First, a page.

Why Universal Basic Income can’t work on its own

On its own, giving "free money" is a terrible idea. But universal basic income can work if it's part of a greater plan.

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December 15, 2016 09:51
A humanoid robot works side by side with employees in the assembly line at a factor

A humanoid robot works side by side with employees in the assembly line at a factor. (photo credit: REUTERS)

 
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In my last column, "How Trump Can Save American Democracy," I wrote of the importance of finding creative, forward-looking solutions to the unemployment problem in America, specifically of rural Middle America, that has been most affected by economic decline and deindustrialization. I stressed that this is paramount to directing the course of American society towards positive change and calming the currents of nativism that have been arising. I suggested that if Trump is to succeed in fulfilling the unattended needs of his core constituency, he must not rely on bringing back industry or trying to create new jobs where robots and machinery have been replacing working hands. Rather, I recommended a focus on education and personal development that would train those who have dropped out of the current job market, to lead the way into the creation of a new reality.

The same day the column was published, The Economic Security Project (ESP)—a coalition of over 100 technologists, investors, and activists—announced  that it is committing $10 million over the next two years to explore how a "universal basic income" (UBI) could ensure economic opportunity for all in the US. In the face of automation, globalization, and financialization changing the nature of work, they believe that we are now urgently required to take bold steps to guarantee economic opportunity for all. With populist uprisings that are sweeping the Western world, many other people across the political spectrum are now considering UBI as such a step, which basically means giving everyone a guaranteed minimum payment as a means to, theoretically, reduce poverty and improve health and education.

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It is very clear to me why people who understand the future of technology and how it will influence the work force and the economy, are deeply concerned and seeking breakthrough, out-of-the-box measures to ensure everyone is taken care of. They are absolutely right that we are at the brink of devastation, with growing worldwide unemployment and social upheaval leading directly to further escalation of tensions and eventually to war. However, the concept of giving away money for free is not the way to achieve balance. On the contrary, it is a mistake that will cost American society heavily if implemented on its own.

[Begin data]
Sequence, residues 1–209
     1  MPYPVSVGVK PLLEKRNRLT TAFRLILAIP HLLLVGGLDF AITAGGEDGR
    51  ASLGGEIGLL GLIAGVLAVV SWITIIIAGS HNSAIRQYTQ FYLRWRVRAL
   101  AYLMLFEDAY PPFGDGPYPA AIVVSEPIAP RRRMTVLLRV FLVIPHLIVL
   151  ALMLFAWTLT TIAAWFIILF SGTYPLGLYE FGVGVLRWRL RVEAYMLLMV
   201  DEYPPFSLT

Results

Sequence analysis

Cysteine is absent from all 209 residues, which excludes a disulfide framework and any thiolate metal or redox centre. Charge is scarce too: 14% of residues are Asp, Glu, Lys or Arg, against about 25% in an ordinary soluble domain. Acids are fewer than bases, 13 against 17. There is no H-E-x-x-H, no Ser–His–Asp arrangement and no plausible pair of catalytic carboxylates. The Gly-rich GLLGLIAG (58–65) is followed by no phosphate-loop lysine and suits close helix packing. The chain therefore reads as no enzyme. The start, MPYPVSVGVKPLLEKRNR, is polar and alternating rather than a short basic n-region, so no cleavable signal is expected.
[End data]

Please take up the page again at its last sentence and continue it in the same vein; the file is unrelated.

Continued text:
Free Money is Debilitating

Human beings and human societies need to continuously develop in order to thrive. We are naturally inclined to be in a state of constantly striving for increasingly greater goals and achievements. A person who is not committed to a purpose in life, who has nothing to live or die for, becomes numb. There is nothing worse than giving something to someone before they actually want for it, as it blocks their very will to act in pursuit of their desired outcomes.

We are pleasure seeking creatures. We all want to enjoy things on different levels: food, sex, family, money, recognition and knowledge; but each of us yearns for these different fulfillments to different extents. Most people have the basic desire for food, and also sex, though to a slightly lesser extent. Even fewer people are interested in having a family. The higher you go up this pyramid of desires, the fewer people you will find seeking to fulfill them. So if you take away the thirst for money, there will be droves of people out there who won’t have much to motivate them to develop themselves. Not knowing what to do with their time will make them miserable and drive them crazy. This can actually increase drug intake and violent mayhem.

UBI Is a Good Idea Only if We Induce Development

As many are beginning to sense, universal basic income WILL be necessary as machines take over more and more jobs. Only a few days ago, "Amazon revealed its latest plan to automate American workers out of existence" with its futuristic machine controlled grocery store. According to a study by Ball State University’s Center for Business and Economic Research, the use of robots and other manufacturing efficiencies were responsible for 88 percent of the 7 million factory jobs the US has lost since peak employment in 1979. With all of this evidence piling up, it's difficult to ignore the future consequences. Elon Musk, the iconic Silicon Valley futurist, predicts "There is a pretty good chance we end up with a universal basic income or something like that, due to automation."

But people should also be able to strive for what they are passionate about. They just shouldn't have to work in order to pay for shelter, food, clothing, and so on; these things will be provided for. But that doesn't mean people will be idle. Musk foresees that UBI will give people time to do other things, more complex things, and more interesting things. Others believe that without the uncertainty about being able to pay for rent and other basic necessities, people will be unmotivated to advance themselves, nor will they spend their free time productively. Research has corroborated these latter notions.